Thursday, October 09, 2008

Project: Rescue the 'terno', jail its most famous wearer

So the next challenge for the contestants of Project Runway-Philippines is to design a terno for--or with inspiration from--former first lady Imelda Marcos. How nice.

The rationalizations involve the usual palaver--how Mrs. Marcos is a fashion icon inextricably bound up with the image of the national dress, yadda yadda. The contestants, at least from the excerpts shown, respond to such invocations with proper Pavlovian drooling, especially when they are ushered into the presence of Her Deposed Highness.

For an industry often derided as vapid, frivolous and out-of-touch, this tin-eared gimmick won't dissuade anyone from embracing that bit of conventional wisdom anytime soon. Mrs. Marcos might have elevated the terno's profile in her time--a dubious proposition, given how the beautiful dress has been tarred by the association in return--but she remains, for all intents and purposes, a criminal on the loose. Why is she being fawned upon on TV?

Lest we forget, the former first lady--one-half of the most destructive leadership this country has ever known and First Cause for the shithole we've been in for nearly a lifetime now--has never apologized, repented, owned up to or expressed an iota of regret for the manifold horrors of the Marcos years. On the contrary, she has been arrogant and defiant, taunting the nation she has reduced to tatters with her fake tears, her gaudy jewels, her seamless re-admittance into the perfumed (and no less culpable) set. Bring out the terno, happy days are here again.

There is only one proper--nay, patriotic--response to such incorrigible defiance: Ostracism. Indifference. Exclusion from any decent company. Until she returns the money she owes the country and pays for her misdeeds behind bars, Mrs. Marcos deserves to be treated not with any kind of deference or obsequiousness, but only with contempt.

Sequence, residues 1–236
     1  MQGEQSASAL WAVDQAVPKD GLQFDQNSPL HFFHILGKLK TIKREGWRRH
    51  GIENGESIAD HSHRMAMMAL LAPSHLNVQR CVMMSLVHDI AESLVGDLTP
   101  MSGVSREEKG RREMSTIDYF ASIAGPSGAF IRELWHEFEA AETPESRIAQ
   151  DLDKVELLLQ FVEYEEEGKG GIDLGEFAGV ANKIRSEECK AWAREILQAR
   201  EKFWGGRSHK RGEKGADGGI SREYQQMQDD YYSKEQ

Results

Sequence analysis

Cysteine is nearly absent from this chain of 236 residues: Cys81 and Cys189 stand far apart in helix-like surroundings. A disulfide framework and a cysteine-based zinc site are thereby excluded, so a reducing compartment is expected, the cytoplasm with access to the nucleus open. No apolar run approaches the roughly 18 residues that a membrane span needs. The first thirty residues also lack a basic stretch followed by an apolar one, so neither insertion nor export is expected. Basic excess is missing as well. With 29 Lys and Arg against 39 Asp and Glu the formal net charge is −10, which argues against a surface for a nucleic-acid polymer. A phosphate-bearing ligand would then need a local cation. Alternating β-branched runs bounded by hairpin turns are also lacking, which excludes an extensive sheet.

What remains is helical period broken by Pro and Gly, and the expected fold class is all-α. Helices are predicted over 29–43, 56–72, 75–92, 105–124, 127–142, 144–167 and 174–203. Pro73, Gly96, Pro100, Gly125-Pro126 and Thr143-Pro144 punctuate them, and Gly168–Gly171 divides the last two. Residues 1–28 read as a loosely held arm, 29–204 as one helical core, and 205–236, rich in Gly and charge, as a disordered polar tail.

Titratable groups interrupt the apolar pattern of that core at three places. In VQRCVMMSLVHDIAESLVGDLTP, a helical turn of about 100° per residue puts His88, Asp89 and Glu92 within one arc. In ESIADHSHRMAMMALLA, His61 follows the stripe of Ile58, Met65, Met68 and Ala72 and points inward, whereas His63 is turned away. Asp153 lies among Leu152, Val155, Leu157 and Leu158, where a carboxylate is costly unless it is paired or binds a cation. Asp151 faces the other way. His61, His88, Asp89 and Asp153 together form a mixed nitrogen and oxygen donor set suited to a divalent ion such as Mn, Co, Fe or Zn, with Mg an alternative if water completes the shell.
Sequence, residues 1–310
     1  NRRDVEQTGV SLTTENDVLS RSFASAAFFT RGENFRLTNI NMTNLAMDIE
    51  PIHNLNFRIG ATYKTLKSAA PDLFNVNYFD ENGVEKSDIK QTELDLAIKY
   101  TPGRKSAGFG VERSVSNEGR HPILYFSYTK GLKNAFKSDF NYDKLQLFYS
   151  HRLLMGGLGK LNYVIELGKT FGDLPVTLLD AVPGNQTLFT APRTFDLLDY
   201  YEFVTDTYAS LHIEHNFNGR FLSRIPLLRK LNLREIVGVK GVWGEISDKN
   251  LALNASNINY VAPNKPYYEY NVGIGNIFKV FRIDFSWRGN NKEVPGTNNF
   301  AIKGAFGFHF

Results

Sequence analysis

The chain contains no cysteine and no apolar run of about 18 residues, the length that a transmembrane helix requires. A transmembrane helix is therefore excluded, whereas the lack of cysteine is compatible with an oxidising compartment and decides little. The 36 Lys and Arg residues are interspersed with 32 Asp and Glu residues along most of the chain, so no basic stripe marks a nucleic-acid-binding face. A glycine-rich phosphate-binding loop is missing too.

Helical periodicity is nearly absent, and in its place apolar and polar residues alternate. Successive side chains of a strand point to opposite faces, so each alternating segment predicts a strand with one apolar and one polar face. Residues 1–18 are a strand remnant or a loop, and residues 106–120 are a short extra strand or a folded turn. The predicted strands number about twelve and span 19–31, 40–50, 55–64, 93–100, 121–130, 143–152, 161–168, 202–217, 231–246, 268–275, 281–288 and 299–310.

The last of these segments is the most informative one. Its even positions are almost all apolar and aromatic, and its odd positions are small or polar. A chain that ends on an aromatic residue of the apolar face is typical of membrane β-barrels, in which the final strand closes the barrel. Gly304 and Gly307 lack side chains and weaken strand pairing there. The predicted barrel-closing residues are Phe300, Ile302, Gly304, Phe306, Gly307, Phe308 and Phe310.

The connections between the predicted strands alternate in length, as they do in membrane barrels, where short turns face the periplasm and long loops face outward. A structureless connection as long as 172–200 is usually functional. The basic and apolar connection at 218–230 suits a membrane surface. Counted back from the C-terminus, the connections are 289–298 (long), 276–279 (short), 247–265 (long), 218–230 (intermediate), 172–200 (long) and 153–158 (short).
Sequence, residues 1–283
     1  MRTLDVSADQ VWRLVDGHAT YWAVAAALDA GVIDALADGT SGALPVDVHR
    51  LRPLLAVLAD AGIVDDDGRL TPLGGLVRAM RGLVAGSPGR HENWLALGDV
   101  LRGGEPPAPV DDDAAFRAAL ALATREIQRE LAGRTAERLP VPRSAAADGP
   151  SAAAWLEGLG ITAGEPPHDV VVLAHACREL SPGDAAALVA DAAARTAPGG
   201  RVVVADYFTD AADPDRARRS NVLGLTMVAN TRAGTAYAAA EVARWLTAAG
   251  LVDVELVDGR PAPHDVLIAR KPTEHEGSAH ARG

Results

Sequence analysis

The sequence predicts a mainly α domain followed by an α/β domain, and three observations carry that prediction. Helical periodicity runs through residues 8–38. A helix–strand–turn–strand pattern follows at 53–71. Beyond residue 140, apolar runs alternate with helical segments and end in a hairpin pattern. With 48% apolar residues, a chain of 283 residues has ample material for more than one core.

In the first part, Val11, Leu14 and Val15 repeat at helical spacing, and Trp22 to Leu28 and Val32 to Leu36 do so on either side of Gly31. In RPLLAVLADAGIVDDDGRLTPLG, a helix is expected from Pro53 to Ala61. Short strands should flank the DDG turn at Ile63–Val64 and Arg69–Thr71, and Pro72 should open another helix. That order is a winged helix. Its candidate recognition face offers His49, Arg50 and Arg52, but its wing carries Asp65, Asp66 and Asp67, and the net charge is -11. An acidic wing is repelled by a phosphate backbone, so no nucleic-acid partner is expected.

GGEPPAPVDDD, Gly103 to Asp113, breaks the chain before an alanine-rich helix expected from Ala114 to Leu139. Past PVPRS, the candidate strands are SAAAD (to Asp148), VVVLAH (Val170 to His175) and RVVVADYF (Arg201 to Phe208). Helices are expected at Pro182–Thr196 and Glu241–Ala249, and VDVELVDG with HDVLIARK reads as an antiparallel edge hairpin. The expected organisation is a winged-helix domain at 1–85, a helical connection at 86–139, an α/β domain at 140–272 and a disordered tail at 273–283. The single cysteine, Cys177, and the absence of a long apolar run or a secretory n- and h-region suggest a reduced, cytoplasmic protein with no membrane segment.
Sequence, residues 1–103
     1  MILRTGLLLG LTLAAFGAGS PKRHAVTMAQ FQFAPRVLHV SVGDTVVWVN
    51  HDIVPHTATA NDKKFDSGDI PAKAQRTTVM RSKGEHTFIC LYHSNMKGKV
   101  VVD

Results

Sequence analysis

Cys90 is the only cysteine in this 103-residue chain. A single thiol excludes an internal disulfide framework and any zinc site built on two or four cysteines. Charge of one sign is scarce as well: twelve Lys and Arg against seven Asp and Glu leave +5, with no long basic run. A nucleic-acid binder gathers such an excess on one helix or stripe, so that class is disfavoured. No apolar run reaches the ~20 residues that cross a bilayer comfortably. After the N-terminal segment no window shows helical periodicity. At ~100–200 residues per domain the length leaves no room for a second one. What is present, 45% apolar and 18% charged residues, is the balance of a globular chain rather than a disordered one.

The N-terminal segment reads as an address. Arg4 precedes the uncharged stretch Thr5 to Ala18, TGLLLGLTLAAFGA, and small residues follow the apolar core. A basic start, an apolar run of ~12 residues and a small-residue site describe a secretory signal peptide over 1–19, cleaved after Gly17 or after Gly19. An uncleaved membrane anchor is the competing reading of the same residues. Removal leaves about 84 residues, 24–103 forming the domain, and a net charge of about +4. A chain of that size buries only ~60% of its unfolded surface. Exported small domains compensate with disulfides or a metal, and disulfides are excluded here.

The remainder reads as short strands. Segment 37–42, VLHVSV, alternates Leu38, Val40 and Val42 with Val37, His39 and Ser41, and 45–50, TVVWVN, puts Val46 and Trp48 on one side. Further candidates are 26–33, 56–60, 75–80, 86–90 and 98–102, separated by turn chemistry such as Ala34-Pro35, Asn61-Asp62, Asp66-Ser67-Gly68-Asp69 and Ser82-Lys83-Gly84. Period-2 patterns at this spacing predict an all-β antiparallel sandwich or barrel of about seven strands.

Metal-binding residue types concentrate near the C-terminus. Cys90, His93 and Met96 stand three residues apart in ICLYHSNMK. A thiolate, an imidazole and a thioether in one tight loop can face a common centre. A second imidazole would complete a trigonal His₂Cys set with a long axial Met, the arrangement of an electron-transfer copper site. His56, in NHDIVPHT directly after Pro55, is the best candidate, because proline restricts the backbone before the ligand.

And let no one bleat that this isn't really about her. Fine, so Project Runway-Philippines wants to celebrate homegrown talent and creativity--and, while at it, why not a paean to a cultural staple? Natch, awezome, goshdarnit. Froth and frippery are imprudent enough given the unrelenting misery of the times; top it off by wheeling out and applauding the fashion fixations of a woman whose rapaciousness required the invention of a new adjective in the English language, and the sight becomes positively obscene.

If this witless, retrograde excuse for a TV talent show is really serious about pushing its participants to the hilt, here's a good challenge for the aspiring designers--one that marries the impulse of art with the rigors of civic duty.

Design one of two outfits for Mrs. Marcos: either a jailbird pajama (in orange, naturally, with the P in big bold print) or a terno--made of poison ivy.

Get on with it. We're waiting.


the jester-in-exile said...

Design one of two outfits for Mrs. Marcos: either a jailbird pajama (in orange, naturally, with the P in big bold print) or a terno--made of poison ivy.


Anonymous said...

What do i say when you've pretty much said everything, gibbs? (And those last lines---I couldn't have said it any better.)

Imelda and I only have one thing in common--it's that we're both from Tacloban and Waray). Other than that, she's a monster. (What? Monster? I should brush up on my vocab, man..) She, and her Romualdez relatives.


r2r said...

For one, I don't hear anybody bleating that this isn't really about her. It IS about her, the terno is just a vehicle. What were they thinking? PUBLICITY! And so far, they are succeeding.

Some people think that Imelda, among other things, is a work of art, and should be subjected as such:its (her) value is relative to the taste and values of her audience. She is like a long-running broadway show that refuses to close down because she can afford to buy all the tickets.